The Brijuni Islands: Our Own Private Jurassic Park

Monday, October 28, 2019
Vagabonding Day 28
Brijuni National Park, Croatia

National Parks. Anyone who knows me very well knows that I’m obsessed with them. I dream about National Parks. Literally. I have the Ken Burn’s documentary series “The National Parks: America’s Best Idea” playing most nights to help me sleep (thanks, insomnia!).

As we decided where to go next after Rovinj, Brijuni National Park seemed like a natural next step. Situated on a group of 14 small islands not far away, Brijuni was only a hop, skip, and a jump away. Ok actually we took a bus to Pula, a taxi to Fažana, and a ferry to Brijuni… but you get the idea.

Taking the ferry from Fažana to Brijuni National Park.

The ferry docked at the biggest island, Veliki Brijun.

Granted National Park status in 1983, Brijuni isn’t your typical National Park. The Brijuni Islands were the summer residence of the former leader of Yugoslavia, Josip Broz Tito. He lived on the Brijuni Islands from 1945 until his death in 1980 and hosted many political meetings there as well as celebrities. The islands are also home to a safari park with animals donated to Tito by foreign dignitaries as well as ancient Roman ruins and fully preserved dinosaur footprints from the Cretaceous Period. Brijuni continued to remain a National Park when Croatia gained independence from Yugoslavia in 1991.

We arrived on the biggest island, Veliki Brijun, on the 11:00 am ferry and left our bags at the magnificent Hotel Neptun. Originally constructed in 1913 by Austrian magnate Paul Kupelwieser, Hotel Neptun is a grand building that formerly housed guests of President Tito. Since we arrived in the off season, the staff upgraded us to a swanky room with a balcony and a seaview.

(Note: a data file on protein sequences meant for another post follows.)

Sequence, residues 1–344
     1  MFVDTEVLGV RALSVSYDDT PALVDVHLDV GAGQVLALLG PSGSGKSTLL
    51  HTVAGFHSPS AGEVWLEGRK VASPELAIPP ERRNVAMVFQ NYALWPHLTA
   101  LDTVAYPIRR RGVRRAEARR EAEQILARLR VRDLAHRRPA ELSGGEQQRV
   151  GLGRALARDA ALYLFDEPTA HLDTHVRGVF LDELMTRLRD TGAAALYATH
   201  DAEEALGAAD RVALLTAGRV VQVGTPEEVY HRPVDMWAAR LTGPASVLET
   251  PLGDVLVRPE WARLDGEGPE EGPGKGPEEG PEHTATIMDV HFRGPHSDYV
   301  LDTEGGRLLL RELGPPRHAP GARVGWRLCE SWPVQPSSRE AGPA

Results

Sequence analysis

The Hotel Neptun.

We had our own private balcony!

Did I mention that I liked the balcony? Photo by Daniel.

The National Park does not allow cars on the island but it does have golf carts and bicycles for rent. Anyone who knows Daniel very well knows that he’s obsessed with golf carts. He extols the virtues of golf carts with some regularity has yearned to drive one as long as I’ve known him. So we headed over to the Sport Station after we checked in and rented our own private golf cart for the entire day. This would have been a rather expensive venture in the summertime but since we arrived in the off season the price was greatly reduced.

Golf Cart! Yasss!!!!!

Daniel is really enjoying driving the golf cart.

Best. Day. Ever.

Golf cart obtained, we were soon zipping around the island at a top speed of 15 mph. We hadn’t done much research on Brijuni before arriving and didn’t really know what we were in for. Our knowledge basically extended to “National Park” and “Tito History Museum” as well as “Safari Park” and “golf cart rentals available”. Surely it couldn’t get any better than that.

So when we arrived at the impressive Byzantine Castrum ten minutes later, we were blown away. The ruins of an ancient city stretched out before us, covering approximately 2.5 acres. Originally settled in the 1st century BC during the reign of Roman Emperor Augustus, remains have also been found from the Late Antiquity period as well as Eastern Gothic, Byzantium, Carolingian and Venetian periods. It’s hard to imagine how this city would have changed over the years as each new group of settlers arrived.

The Byzantine Castrum.

The Byzantine Castrum.

At the Byzantine Castrum.

At the Byzantine Castrum.

Climbing up the outer walls for a better view at the Byzantine Castrum.

Not far from the Byzantine Castrum is the crumbling Basilica of St. Mary. Constructed in the 6th century, it was built for use by the inhabitants of the Castrum. Today, the structure is half hidden in the trees and its moss-covered walls seem shrouded in mystery.